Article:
The tutorial will benefit Analysts, Vendors, Project Managers
Upon completion of this tutorial the students will have obtained the following
  • Explain the main principles underlying the FHIR methodology
  • Describe the characteristics of a FHIR resource and understand the contents of a resource definition
  • Understand the relationship between FHIR and other HL7 standards such as v2, v3 messaging and CDA
  • List some of the key FHIR infrastructure resources and explain how they are used to support the 4 FHIR interoperability paradigms
  • Help their organization to determine if, when, where and how they might implement FHIR
Prerequisites None

M7: FHIR for Implementers

Summary A deep-dive into the infrastructure parts of the FHIR specification. Get insight in how to design, develop and test software that uses the FHIR interoperability standard, all the way from the wire-format up to validation and storage.
The tutorial will benefit Software developers, team leads, infrastructure architects
Upon completion of this tutorial the students will have obtained the following
  • Understand how Resources align with object-oriented and other common software-engineering principles.
  • List the four of interoperability paradigms supported by FHIR
  • Understand the FHIR REST service operations and how to implement them
  • Understand how the Atom, Xml and JSON wire formats are used in FHIR
  • Understand versioning and bundles
  • Compare strategies for using object models, validation and (de)serialization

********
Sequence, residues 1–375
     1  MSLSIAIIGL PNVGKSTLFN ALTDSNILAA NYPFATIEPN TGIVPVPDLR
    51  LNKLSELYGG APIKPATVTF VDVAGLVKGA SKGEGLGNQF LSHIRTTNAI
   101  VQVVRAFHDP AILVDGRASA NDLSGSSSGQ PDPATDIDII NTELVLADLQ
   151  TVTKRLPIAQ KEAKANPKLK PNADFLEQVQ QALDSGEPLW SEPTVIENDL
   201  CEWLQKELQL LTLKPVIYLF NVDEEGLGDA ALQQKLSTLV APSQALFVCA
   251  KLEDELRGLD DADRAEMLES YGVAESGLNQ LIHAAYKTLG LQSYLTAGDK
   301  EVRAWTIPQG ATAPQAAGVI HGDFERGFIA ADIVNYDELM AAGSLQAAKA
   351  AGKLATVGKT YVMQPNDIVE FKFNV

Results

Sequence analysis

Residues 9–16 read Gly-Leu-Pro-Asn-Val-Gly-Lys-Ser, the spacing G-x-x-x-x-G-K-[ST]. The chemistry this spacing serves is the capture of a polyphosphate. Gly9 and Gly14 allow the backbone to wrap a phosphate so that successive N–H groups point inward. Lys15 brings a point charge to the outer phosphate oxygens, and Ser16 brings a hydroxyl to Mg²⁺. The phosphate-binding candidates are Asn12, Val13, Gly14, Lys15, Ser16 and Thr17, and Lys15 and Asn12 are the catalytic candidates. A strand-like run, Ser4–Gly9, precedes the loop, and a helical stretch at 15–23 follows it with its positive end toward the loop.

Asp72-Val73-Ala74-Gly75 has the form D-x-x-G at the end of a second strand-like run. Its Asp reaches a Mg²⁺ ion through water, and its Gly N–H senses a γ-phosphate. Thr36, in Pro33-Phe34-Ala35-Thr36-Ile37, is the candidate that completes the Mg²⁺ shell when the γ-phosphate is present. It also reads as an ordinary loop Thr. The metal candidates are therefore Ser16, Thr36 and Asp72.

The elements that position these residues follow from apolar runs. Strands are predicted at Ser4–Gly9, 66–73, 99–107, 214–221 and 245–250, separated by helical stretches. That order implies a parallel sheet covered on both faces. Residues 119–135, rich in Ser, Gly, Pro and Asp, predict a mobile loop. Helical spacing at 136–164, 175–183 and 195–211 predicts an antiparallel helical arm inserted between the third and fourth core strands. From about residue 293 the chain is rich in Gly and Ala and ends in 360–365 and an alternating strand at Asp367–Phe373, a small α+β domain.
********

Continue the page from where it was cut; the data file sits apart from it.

• Use relational or document-oriented storage for persistence of resources
  • Understand how to implement search functionality
  • Know and use the provided reference implementations
Prerequisites The “Introduction to HL7 FHIR” tutorial.

F2: Hands on with FHIR

This is a free tutorial – but focused on HL7 work group members.

Summary This hands-on tutorial covers the resource authoring process. It will be a working class where attendees will use the FHIR build environment to construct a resource and generate the published specification. The tutorial will focus on spreadsheet usage, and be divided into an example and a Q&A session.


The tutorial will benefit HL7 Committee members
Upon completion of this tutorial the students will have obtained the following
  • Understand how to work with the FHIR publishing tooling
  • Know how the various parts of a resource definition fit together
  • Know how to add resources to the FHIR specification